Music In Bathrooms Keeps Homeless Out
By Sarah Ford
In Grand Junction, city officials are implementing a unique new tactic to keep the homeless from staying in public bathrooms: blasting children’s tunes inside the restrooms.
Rob Schoeber, Director of Grand Junction Parks and Recreation, told local NBC affiliate KKCO 11 that the city is seeking to keep the homeless and transitory from spending too long in public restrooms as a way to escape inclement weather or unfavorable conditions.
Homeless advocates, however, have heavily criticized the move as an attack specifically targeting the homeless and part of a larger effort toward disenfranchisement of the homeless by city governments and parks departments.
When people enter the bathroom, the high-volume repetition of tunes known for grating on the nerves (“Skip to my Lou” and “It’s a Small World After All,” for instance) encourage users to move in and out of the restroom quickly, discouraging those who may be looking to use the space as an escape from the outside elements.
According to Schoeber, the design is part of a larger law enforcement strategy known as Crime Prevention Through Environmental Design (CPTED), where public spaces are designed with features specifically intended to discourage or prevent particular crime or unwanted activity. ■
Tent Cities Growing In Colorado Springs
By Sarah Ford
Citizens in Colorado Springs are upset as the number of tent encampments continue to grow within the city.
According to Fox 21 in Colorado Springs, resident Chris Sgaraglino is seeking to bring attention to the issue in the hope that the city will come forward with increased, sustainable efforts to provide the transient and homeless a place to stay instead of rapidly expanding tent cities.
“The problem is not the homeless. The problem is what do we do with the homeless? What is the city going to do with it? It’s not a homeless problem. It’s a city government problem. It’s their job to put together a plan to take care of their people, and they’re not doing that, clearly,” Sgaraglino told Fox 21.
However, tent camping tends to noticeably increase in the summer months, making it difficult for service providers to track new communities and maintain outreach.
The number of tent communities is difficult to track, but the most recent estimates by the National Law Center on Homelessness and Poverty found more than 100 communities in 41 states from 2008–2013. There is no official count in Colorado Springs; however, the opening of the Crags campground in Pikes Peak was delayed in June due to what the U.S. Forest Service identified as “a rise in homeless camps.” They reported that there are also increasing numbers of camps popping up in national forest land, which cost an average of $1,000 to clean up. ■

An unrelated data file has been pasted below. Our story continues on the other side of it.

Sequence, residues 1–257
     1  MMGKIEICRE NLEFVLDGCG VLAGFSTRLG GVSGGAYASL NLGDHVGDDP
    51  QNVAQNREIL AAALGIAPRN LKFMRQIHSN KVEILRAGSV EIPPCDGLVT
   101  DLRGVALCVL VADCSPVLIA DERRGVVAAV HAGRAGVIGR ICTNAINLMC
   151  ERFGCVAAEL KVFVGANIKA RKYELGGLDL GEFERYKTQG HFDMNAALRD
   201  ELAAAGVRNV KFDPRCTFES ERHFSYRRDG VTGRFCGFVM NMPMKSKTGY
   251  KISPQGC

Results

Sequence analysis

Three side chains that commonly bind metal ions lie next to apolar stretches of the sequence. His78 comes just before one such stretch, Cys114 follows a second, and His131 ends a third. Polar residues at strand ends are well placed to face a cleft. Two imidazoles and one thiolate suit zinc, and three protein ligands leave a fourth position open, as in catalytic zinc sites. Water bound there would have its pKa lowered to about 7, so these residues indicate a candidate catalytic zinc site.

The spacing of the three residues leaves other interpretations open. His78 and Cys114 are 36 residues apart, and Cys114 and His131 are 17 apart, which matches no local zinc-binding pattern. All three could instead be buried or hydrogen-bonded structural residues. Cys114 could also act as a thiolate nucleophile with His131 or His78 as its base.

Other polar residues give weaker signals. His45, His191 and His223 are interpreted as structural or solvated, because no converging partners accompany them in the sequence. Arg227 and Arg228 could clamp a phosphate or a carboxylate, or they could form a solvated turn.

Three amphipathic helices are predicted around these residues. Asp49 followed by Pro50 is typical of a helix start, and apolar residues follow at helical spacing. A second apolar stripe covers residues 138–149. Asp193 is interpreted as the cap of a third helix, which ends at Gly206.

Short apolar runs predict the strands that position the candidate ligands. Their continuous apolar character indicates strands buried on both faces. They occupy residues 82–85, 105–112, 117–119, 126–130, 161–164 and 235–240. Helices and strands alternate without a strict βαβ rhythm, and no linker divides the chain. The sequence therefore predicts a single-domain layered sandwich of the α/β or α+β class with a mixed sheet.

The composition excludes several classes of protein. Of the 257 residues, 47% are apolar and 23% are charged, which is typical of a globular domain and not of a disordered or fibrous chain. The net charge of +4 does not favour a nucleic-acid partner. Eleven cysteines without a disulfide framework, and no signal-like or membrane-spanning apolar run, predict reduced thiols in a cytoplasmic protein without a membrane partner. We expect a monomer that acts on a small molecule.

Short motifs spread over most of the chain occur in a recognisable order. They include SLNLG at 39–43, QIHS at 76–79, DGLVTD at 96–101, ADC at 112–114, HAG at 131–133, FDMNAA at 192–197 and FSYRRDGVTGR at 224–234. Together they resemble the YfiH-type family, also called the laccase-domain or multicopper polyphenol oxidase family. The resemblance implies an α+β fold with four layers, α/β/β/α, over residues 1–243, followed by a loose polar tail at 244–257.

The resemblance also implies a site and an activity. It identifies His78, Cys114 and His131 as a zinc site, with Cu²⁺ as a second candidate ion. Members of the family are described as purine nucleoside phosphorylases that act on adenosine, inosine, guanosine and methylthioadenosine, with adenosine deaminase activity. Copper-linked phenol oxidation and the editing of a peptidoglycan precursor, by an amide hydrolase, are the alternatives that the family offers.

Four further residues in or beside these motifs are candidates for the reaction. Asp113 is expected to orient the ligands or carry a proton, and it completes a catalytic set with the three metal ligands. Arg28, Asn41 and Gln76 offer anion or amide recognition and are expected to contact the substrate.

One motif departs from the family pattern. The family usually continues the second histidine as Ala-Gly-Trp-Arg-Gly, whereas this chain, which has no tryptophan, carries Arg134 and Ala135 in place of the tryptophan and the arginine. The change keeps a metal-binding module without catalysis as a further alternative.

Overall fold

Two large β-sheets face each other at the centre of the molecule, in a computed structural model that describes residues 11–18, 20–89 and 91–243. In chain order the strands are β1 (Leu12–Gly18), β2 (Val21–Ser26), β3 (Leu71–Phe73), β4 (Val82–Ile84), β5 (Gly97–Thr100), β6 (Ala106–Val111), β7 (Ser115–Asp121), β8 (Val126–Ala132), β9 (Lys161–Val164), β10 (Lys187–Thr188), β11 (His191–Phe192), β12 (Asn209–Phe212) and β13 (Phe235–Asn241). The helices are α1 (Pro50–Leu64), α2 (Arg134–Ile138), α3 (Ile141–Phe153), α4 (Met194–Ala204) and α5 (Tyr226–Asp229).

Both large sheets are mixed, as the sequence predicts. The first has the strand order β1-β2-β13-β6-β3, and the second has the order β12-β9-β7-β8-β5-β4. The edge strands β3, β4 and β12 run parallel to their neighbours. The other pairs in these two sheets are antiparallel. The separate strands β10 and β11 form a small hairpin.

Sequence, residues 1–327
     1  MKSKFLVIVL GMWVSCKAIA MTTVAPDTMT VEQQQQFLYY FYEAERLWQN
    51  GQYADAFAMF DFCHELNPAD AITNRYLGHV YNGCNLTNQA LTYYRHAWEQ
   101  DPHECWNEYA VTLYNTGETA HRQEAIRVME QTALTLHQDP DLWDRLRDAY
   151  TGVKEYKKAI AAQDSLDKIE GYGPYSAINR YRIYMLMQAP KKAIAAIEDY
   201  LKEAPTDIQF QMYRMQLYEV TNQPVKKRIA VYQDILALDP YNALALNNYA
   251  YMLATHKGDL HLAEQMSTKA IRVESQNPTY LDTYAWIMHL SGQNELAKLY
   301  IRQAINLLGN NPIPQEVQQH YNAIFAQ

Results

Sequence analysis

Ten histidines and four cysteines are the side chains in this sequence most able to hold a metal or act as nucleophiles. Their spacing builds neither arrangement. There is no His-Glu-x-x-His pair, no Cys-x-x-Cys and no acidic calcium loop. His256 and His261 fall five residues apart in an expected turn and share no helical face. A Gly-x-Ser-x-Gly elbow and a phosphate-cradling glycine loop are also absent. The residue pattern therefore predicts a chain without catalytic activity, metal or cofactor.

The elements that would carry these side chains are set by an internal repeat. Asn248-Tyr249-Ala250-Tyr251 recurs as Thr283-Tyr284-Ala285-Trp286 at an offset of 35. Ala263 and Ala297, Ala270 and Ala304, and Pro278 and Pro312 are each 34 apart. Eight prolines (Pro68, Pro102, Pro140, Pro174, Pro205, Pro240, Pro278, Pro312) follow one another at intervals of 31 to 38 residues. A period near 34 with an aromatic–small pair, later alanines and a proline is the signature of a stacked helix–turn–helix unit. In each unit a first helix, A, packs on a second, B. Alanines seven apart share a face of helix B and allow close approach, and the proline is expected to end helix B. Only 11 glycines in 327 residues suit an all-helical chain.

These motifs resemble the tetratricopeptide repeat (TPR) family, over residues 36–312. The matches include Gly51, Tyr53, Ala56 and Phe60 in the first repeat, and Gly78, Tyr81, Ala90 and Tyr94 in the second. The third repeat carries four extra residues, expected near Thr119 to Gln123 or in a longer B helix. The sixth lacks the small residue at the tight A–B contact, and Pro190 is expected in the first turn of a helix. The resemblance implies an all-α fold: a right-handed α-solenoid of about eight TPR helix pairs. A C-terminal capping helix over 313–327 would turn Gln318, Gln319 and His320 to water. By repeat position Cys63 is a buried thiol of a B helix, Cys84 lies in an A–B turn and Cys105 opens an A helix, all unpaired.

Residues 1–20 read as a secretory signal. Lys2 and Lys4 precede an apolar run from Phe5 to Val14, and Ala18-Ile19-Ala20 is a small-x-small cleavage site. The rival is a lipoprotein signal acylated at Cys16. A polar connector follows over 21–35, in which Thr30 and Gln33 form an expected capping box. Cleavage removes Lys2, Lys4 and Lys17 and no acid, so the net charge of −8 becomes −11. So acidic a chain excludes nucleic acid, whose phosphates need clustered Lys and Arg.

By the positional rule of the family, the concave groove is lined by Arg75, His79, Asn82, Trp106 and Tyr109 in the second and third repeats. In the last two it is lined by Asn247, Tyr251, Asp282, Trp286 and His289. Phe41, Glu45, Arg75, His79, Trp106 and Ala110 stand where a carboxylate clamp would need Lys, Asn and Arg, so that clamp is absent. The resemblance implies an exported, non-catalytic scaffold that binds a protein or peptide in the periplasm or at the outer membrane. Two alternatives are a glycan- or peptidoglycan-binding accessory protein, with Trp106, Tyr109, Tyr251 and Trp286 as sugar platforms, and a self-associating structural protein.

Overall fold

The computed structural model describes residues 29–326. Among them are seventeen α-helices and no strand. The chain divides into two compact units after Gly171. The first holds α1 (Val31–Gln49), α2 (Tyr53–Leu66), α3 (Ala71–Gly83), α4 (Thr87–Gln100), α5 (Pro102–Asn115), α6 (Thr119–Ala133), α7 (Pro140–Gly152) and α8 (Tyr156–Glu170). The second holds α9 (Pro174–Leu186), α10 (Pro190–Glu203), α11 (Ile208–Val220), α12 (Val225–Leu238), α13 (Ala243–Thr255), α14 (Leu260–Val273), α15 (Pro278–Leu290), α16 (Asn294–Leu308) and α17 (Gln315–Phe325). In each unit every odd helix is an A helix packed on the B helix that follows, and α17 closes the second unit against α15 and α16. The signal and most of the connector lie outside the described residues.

Preliminary Results of Denver’s Homeless Count Released
By Sarah Harvey
Last month, Metro Denver Homeless Initiative (MDHI) released the preliminary results of its annual Point-In-Time survey. The survey, which was conducted January 25, 2016, counted 5,467 people experiencing homelessness in the seven-county Denver metro area.
Compared to the 2015 survey, this year’s PIT survey counted 663 fewer people in the Denver metro area. Although that technically translates to an 11 percent decrease, MDHI warns readers of the report that the count is almost certainly an undercount, and therefore they should use extreme caution when interpreting the survey results.
The 2016 survey also shows:
14.4 percent (786 people) who were unsheltered (living on the street, under a bridge, in an abandoned or public building, in a car, camping, etc.)
34.2 percent staying in emergency shelters (including hotel/motel vouchers paid for by an organization)
51.4 percent staying in transitional housing
18.7 percent of respondents were considered newly homeless, meaning they had been homeless for less than one year and this was their first time experiencing homelessness
76.2 percent (2,232 respondents) reported that they or someone in their household had received income in the past month
The PIT survey is conducted every year on a night in late January. On that night, volunteers and service providers attempt to count the number of people experiencing homelessness in the Denver metro area by surveying them. People who are not surveyed, or who refuse to complete the voluntary survey, are not counted. ■
Free tampons for NYC’s Homeless Women
By Sarah Harvey
New York City lawmakers voted 49-0 last month to approve a proposal that would require free access to tampons and sanitary pads in public schools, homeless shelters, and jails.
Though homeless shelters and jails in the city already provide free pads and tampons upon request, New York City Social Services Commissioner Steven Banks praised the proposal, which expands on existing policies and strengthens them with the power of the law.
When the proposal becomes law, it will provide an estimated 2 million tampons and 3.5 million pads annually for 23,000 women in homeless shelters, according to the Associated Press. The proposed legislation is estimated to cost about $2.5 million annually, a fraction of New York City’s $82 billion budget.
The measure is expected to be approved by New York City Mayor Bill de Blasio. Once the bill has the mayor’s signature, New York City will be the first city in the country to require free access to menstruation products. ■